Julian of Norwich is considered one of the foremost Christian mystics. Very little is known of her early life, including her birth name. She was an English anchoress (similar to a hermit). She may have been from a privileged family in or around Norwich Norfolk. At the age of 31, suffering from a severe illness and believing she was on her deathbed, Julian had a series of intense visions of Christ. They ended by the time she recovered from her illness on 13 May 1373. She was at home during her near death experience, and gives no mention of her personal life up until that point. Julian wrote down a narration of the visions immediately following them, which is known as The Short Text. Twenty to thirty years later she wrote a theological exploration of the meaning of the visions, known as The Long Text. These visions are the source of her major work, called Sixteen Revelations of Divine Love (ca. 1393). This is considered by many scholars to be the first book written in the English language by a women. Julian became well known throughout England as a spiritual director to both men and women. The English mystic Margery Kempe, in her autobiography, the first written in England , mentions going to Norwich to speak with Julian. The Norwich Benedictine and Cardinal of England Adam Easton may have been her spiritual director and editor of her Long Text.
Her theology was optimistic, speaking of God's love in terms of joy and compassion rather than law and duty. Suffering is not seen as punishment that God inflicts. rather it is part of a transformational process that could facilitate a revaluation of Gods compassion and love. She believed that God loves everyone and desires to 'save" all. The popular theology of the day interpreted current events including the black death as God punishing the wicked. In response, Julian suggested a more merciful theology. She believed that behind the reality of hell is a greater mystery of God's love.
Her theology was unique in three aspects: Her view of sin. Her belief that God is all love and no wrath. And her view of Christ as mother. According to Julian, God is both our mother and our father. This idea was also developed by Francis of Assisi in the thirteenth century. The harmony Julian suggests between the motherly and fatherly qualities of God/Christ have greatly influenced modern feminist theologians.
Julian taught that humans sin because they are ignorant or naive, not because they are evil or depraved, as was the commonly held view of sin during the Middle Ages. Julian believed that in order to learn, we must fail. . The pain caused by sin is an earthly reminder of the pain of the Passion of Christ. Therefore, as people suffer as Christ did, they have the opportunity to draw closer to Him by their experiences.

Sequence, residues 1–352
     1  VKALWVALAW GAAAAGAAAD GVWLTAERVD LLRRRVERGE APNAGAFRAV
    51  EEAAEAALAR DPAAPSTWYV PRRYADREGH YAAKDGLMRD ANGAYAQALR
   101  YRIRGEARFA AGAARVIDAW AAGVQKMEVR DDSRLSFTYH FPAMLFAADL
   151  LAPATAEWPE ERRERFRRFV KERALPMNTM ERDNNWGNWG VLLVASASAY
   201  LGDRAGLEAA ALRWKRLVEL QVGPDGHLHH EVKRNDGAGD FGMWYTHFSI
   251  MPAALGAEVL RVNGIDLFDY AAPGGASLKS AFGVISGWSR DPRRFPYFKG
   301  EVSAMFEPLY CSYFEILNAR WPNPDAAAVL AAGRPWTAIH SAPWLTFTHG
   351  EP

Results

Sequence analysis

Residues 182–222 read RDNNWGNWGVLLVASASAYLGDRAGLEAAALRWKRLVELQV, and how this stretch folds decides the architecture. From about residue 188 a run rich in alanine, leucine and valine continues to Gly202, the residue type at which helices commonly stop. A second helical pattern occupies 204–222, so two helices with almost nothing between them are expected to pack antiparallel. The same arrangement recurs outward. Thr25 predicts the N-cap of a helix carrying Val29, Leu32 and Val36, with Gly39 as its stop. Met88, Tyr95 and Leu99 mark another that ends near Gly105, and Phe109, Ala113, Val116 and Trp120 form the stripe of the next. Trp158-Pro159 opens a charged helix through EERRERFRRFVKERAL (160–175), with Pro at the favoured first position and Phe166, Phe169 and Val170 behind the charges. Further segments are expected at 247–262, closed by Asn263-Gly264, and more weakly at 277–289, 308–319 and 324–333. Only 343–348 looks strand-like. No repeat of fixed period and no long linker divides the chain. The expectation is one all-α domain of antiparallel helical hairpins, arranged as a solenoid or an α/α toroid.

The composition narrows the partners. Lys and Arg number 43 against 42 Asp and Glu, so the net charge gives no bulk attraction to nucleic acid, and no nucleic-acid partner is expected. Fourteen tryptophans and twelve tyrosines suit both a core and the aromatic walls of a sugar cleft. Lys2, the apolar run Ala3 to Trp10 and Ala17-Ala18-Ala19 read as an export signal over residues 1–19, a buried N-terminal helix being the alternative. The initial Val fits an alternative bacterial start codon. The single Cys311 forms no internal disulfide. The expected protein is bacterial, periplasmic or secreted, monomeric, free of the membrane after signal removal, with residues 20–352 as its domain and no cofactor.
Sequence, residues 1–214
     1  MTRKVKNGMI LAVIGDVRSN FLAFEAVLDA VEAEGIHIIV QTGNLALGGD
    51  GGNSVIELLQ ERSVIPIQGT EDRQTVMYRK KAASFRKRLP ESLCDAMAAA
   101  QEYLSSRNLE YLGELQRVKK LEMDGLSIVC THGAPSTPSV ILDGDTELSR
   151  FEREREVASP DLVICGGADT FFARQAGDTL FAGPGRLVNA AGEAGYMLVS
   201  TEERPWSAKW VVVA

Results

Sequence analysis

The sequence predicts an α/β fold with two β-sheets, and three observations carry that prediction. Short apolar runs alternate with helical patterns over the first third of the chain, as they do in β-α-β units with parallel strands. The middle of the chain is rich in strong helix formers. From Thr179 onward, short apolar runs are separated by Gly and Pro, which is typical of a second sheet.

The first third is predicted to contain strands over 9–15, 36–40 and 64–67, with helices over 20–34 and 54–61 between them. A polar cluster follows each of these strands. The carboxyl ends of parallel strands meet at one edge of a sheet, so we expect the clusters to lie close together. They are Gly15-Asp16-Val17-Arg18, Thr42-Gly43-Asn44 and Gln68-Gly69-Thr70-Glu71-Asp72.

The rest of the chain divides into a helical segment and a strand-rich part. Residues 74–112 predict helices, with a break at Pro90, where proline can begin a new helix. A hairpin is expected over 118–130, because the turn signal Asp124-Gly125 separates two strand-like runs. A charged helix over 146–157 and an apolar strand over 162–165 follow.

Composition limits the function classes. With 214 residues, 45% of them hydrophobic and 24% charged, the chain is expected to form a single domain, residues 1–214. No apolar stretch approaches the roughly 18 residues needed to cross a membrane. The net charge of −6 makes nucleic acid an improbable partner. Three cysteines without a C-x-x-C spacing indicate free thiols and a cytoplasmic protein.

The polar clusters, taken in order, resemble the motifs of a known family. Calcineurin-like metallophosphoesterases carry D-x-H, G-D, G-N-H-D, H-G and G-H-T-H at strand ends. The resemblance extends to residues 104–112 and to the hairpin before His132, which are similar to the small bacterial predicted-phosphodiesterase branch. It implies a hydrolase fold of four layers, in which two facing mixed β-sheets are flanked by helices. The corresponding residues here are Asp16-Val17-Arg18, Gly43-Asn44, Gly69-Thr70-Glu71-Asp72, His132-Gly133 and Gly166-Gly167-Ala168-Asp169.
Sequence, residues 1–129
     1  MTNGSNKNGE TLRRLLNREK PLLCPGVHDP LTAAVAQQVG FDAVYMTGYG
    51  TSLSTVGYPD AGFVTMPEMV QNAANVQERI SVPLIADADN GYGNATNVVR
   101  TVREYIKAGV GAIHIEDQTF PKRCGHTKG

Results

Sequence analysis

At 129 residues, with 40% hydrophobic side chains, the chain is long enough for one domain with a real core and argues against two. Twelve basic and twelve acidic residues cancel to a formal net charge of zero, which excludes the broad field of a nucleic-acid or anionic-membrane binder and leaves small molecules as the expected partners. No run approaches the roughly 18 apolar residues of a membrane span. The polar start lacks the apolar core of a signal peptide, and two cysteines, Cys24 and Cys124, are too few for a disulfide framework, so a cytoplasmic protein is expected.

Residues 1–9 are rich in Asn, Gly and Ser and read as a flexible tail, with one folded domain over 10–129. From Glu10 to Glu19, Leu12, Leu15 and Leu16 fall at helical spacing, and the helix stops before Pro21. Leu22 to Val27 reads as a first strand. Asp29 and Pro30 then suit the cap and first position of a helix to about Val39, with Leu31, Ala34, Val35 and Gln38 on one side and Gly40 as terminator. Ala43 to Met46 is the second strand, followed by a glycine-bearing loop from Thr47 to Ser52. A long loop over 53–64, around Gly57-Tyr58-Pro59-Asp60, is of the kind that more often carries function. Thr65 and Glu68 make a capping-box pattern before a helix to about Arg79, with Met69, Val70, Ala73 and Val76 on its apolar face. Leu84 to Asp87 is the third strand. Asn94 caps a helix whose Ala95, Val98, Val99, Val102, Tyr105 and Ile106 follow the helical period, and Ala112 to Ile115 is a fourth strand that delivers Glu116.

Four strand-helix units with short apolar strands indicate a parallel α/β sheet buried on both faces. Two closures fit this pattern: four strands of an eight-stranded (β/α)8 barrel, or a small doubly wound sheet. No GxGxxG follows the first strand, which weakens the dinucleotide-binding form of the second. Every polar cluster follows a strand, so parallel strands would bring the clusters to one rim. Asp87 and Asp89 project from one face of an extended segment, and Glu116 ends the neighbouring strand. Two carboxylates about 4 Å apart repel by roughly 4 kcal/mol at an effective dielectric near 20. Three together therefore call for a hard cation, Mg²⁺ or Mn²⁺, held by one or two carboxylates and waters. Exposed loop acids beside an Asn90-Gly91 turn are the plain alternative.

Similarly, Julian saw no wrath in God. She believed wrath existed only in humans. She writes, “For I saw no wrath except on man's side, and He forgives that in us, for wrath is nothing else but a perversity and an opposition to peace and to love”. Julian believed that it was inaccurate to speak of God's granting forgiveness for sins because forgiving would mean that committing the sin was wrong. Julian preached that sin should be seen as a part of the learning process of life, not malice that needed forgiveness. Julian writes that God sees us as perfect and waits for the day when humans' souls mature so that evil and sin will no longer hinder one's life.
Probably her most controversial theological concept was her belief in God as mother. Though most scholars read this as a metaphor, rather than a dogma. In her fourteenth revelation, Julian writes of the Trinity in domestic terms, comparing Jesus to a mother who is wise, loving, and merciful. Julian's revelation revealed that God is our mother as much as He is our father. She also connects God with motherhood in terms of (1) "the foundation of our nature's creation, (2) "the taking of our nature, where the motherhood of grace begins" and (3) "the motherhood at work", and writes metaphorically of Jesus in connection with conception, nursing, labor, and upbringing. However, she sees him as our brother and husband as well.
The saying, "…All shall be well, and all shall be well, and all manner of thing shall be well", which Julian claimed to be said to her by God Himself, reflects her theology. It is one of the most famous lines in Catholic / Anglican theological writing. And one of the best-known phrases of the literature of her era
Julian is remembered with a feast day on May 13 in the Roman Catholic tradition and on May 8 in the Anglican and Lutheran traditions.
graphics: upper left, an early depiction of Julian in her cell, lower right a page from the Divine Revalation of Love